We overnighted at ‘Casa del Maestro’, a private school marked on iOverlander . This is a convenient location only 1½ blocks from the main square. It’s only suitable for self-contained rigs, although there’s a toilet where you could empty a portable waste tank in the mornings. The gate is locked overnight and the location is quiet enough.

Again: you won’t get in here with a big rig on weekdays; there are usually cars parked opposite the gate, yet you need to turn wide to fit through the gate. We left at 7:30 in the morning to beat traffic and parking vehicles.

Ayacucho in the Peruvian Andes is not - yet - high on the 'tourist radar'. This colonial town has so much to offer to visitors: well preserved historical buildings, the most picturesque main square of Peru, and a pleasant climate. It's also "Peru’s Capital of Folk Arts and Handicrafts"; here you find them cheaper than in other shops throughout Peru and the world. See our post for more reasons to add Ayacucho to your Peru itinerary.

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The Weekend Wanderlust
 

Yasha

dare2go's human navigator (we're not lost because there's nowhere particular we have to be) alongside our Nexus 7 tablet, writer and editor of our blog, first cook and loving wife. Teaching English as a second language when possible.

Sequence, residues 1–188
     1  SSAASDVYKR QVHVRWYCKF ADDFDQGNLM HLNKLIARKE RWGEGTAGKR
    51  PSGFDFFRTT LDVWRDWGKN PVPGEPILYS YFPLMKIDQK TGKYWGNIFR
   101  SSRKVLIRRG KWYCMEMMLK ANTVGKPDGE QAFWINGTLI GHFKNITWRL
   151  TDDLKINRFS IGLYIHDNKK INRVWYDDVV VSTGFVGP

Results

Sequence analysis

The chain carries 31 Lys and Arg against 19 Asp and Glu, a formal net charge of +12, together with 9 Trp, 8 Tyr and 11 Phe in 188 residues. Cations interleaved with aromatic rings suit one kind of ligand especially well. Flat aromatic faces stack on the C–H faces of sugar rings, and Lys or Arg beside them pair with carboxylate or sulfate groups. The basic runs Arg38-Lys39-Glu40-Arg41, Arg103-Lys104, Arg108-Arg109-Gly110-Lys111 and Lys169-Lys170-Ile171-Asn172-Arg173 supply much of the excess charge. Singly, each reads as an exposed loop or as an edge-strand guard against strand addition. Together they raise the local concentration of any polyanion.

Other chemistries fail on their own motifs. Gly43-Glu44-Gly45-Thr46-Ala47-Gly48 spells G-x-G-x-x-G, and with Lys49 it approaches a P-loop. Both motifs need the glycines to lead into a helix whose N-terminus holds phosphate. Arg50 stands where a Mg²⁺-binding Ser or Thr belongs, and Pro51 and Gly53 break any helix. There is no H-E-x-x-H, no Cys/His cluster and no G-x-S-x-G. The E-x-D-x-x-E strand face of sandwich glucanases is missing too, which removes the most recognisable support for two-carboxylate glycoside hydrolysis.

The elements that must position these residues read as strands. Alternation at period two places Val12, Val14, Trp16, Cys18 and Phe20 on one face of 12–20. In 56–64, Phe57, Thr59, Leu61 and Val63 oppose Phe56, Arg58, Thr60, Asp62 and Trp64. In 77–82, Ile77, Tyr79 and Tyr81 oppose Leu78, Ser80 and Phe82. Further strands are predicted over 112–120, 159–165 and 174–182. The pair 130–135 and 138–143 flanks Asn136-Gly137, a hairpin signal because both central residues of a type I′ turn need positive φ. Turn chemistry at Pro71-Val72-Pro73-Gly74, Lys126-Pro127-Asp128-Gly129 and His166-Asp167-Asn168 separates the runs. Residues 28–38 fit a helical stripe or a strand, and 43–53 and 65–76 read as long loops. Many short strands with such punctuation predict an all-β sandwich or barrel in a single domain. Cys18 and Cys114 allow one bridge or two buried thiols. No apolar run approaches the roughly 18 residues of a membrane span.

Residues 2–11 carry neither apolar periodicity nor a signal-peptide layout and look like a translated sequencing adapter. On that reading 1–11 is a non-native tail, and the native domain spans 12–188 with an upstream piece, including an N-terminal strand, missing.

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12 Responses

  1. Peter Rogers says:

    What a fantastic post and a fantastic town. Love the retablos and the roof ornaments. Was fascinated by the bulls on the roofs of Ollantaytambo. You folks are making a great case for another visit to South America by self. But could I restrain myself from excessive shopping?

    • Yasha says:

      Thanks Pete. We’d love to see you in South America again – and you just have to bring an extra empty suitcase…

  2. I missed Ayacucho during my Peru trip, and it looks like I really missed out on some fascinating ruins. I loved how throughout Peru you can see such a mix of ancient ruins and colonial Spanish architecture. Plus, the Andes are pretty breathtaking. Looks like I’ll have to go back to Peru again! #WeekendWanderlust

    • Yasha says: